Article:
Sumner Redstone had a long history of challenging the status quo — via litigation that often revealed questionable practices in the entertainment business and also laid bare more than a few of his personal squabbles.
“When your life depends on it, you must wage war,” Redstone wrote in his 2001 memoir, “A Passion to Win,” in which he devoted many pages to explaining his legal battles. The mogul who died Aug. 11 at the age of 97 credited his work as a Justice Department tax attorney in the 1950s for giving him a foundation for going to battle in court.
Here’s a look at a few of Redstone’s high-profile legal fights.
Vs. Major Studios: In 1958, Redstone sued the major studios for “broad conspiracy,” challenging as ineffectual the consent decree that forced them to divest their exhibition businesses. In 1965, when he was chairman of the National Assn. of Theater Owners, he challenged the studio practice of “blind bidding,” in which exhibitors have to bid on a price for a movie before they even see it. In 1981 he sued Disney’s distribution arm Buena Vista over blind bidding, a major fissure between studios and theaters that ended in a truce of sorts in 1985.
Vs. Copley Plaza: After suffering severe burns in a fire at the Boston hotel in 1979, when Redstone famously survived by hanging out of a window on one hand, he sued for negligence. He wound up donating the proceeds to the Burn Center of the Massachusetts General Hospital.
Vs. Time Inc: Redstone in 1989 charged that the media giant was violating antitrust law by refusing to allow Viacom-owned Showtime and the Movie Channel entree to its cable systems while retaining HBO, which Time Inc. owned. The lawsuit was settled three years later, with an agreement to add more Viacom channels to Time’s cable systems.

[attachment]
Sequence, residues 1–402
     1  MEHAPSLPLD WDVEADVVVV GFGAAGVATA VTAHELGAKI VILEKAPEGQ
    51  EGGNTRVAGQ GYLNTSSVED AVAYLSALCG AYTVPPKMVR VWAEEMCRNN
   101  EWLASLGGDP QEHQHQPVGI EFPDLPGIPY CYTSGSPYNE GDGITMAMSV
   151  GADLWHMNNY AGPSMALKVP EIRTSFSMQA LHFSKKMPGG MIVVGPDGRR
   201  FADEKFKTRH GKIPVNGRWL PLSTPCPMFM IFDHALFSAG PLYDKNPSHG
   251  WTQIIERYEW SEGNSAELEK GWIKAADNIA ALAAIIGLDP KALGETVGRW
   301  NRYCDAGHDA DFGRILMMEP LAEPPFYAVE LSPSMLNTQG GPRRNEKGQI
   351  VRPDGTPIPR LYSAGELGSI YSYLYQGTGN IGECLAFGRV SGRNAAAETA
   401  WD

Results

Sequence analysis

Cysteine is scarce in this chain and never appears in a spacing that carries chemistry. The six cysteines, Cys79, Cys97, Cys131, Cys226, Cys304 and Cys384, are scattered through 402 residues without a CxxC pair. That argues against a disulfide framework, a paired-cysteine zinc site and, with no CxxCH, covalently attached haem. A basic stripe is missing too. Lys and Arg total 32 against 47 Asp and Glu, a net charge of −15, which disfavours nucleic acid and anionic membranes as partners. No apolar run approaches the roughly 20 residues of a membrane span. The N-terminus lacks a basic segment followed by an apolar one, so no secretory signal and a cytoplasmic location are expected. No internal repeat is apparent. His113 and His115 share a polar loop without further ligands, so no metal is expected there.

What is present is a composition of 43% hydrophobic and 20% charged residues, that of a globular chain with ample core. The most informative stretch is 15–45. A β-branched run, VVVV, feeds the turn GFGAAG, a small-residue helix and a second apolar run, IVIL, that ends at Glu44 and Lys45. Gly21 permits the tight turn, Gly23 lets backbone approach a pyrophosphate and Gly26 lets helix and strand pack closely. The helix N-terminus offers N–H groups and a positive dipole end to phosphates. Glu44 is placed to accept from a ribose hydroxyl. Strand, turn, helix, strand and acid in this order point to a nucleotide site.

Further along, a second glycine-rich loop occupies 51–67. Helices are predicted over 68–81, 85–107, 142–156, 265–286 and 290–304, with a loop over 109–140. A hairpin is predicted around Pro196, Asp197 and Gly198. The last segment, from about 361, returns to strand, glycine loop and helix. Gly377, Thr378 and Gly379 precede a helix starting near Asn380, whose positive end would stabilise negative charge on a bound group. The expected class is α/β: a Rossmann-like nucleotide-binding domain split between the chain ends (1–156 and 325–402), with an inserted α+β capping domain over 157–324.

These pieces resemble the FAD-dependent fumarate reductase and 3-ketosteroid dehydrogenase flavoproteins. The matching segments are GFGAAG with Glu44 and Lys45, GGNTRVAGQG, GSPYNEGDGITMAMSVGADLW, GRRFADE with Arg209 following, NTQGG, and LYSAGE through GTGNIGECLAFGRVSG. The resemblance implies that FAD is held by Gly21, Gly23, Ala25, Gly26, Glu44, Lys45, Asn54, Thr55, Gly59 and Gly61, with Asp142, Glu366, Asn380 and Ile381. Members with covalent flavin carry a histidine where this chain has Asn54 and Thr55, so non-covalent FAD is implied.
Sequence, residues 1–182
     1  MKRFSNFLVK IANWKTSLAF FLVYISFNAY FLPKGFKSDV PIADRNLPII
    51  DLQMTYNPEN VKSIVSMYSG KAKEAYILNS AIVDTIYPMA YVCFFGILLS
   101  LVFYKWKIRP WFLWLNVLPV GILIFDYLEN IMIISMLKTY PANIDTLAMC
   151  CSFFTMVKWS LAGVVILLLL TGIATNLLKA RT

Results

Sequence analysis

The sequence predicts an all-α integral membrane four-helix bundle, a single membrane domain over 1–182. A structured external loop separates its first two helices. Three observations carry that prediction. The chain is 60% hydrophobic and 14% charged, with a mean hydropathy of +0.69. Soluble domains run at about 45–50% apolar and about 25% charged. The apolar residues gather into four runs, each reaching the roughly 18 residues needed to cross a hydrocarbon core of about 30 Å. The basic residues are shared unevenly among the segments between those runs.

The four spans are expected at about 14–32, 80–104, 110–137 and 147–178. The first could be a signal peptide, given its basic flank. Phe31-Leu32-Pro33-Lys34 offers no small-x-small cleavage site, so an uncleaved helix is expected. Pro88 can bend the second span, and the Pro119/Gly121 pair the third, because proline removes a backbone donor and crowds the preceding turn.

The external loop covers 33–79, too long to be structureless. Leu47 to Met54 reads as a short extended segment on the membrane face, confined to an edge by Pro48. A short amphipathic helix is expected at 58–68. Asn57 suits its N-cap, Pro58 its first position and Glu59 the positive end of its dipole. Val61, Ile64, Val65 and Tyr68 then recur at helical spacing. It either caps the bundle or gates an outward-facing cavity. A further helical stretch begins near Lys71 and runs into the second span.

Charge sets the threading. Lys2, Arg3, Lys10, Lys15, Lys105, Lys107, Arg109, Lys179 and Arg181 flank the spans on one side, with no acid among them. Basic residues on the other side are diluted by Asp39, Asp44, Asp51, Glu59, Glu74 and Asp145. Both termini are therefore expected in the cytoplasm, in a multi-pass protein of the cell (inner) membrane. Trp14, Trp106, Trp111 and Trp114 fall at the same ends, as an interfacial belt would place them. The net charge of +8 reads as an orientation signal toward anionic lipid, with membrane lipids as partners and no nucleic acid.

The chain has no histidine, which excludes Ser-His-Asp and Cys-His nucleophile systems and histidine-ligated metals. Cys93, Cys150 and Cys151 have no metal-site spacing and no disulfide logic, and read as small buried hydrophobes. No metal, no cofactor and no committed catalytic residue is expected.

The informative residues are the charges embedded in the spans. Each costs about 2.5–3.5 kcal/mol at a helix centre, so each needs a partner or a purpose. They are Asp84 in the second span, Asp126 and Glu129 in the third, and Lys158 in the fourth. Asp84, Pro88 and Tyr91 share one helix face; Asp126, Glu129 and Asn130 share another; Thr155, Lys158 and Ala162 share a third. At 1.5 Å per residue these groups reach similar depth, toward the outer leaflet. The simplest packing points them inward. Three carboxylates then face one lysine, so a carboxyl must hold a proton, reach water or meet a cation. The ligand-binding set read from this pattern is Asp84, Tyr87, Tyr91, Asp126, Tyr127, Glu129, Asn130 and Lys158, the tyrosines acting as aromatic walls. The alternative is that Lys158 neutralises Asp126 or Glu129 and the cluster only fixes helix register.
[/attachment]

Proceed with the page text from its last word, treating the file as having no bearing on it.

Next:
Vs. John Malone: Again invoking antitrust, Redstone in 1993 sued John Malone and his TCI, claiming that they were engaging in “bully-boy tactics and strong arming competitors,” and monopolizing the cable business. At the time, TCI was supporting QVC in a landmark showdown over Paramount, which Viacom eventually won while taking significant debt. The lawsuit settled in 1995, as Viacom sold off cable operations to Malone as it tried to draw down its debt.
Vs. Brent Redstone. Redstone’s son Brent sued National Amusements in 2006 in order to gain control of his stake in the company. The lawsuit claimed that his father was trying to ace him out of the company, but it also helped expose a family feud over succession and control. Although the lawsuit was settled, with father buying out the son’s stake, there also was a fissure with daughter Shari over her influence.
Vs. Google: The lawsuit pitted old media vs. new media, by raising the issue of just who bears responsibility for rampant online piracy. Viacom sued YouTube in 2007, claiming that it was profiting off of tens of thousands of clips users had posted of content from Paramount movies and Comedy Central shows, among other properties. But the discovery in the case ended up embarrassing both sides, showing the extent to which companies attempted to exploit the emerging world of online video. Google won a ruling from a district judge who said that it wasn’t required to police YouTube for infringing content — just that it had to takedown infringing videos upon getting a notice. The two sides settled in 2014.
Vs. Sydney Holland and Manuela Herzer: In his final years, Redstone’s health declined dramatically. His attorneys fought an epic legal battle against his former female companions, whom he had thrown out of his life. The women, Sydney Holland and Manuela Herzer, alleged that Shari Redstone had gotten rid of them in order to seize control of her father’s affairs. They fought over Redstone’s health directives and for a piece of his fortune. Redstone filed his own suit, accusing the women of stealing $150 million. In the end, Shari Redstone was successful, reaching settlements under which the women dropped their claims. But the litigation also revealed intimate and unflattering details about the mogul’s last years.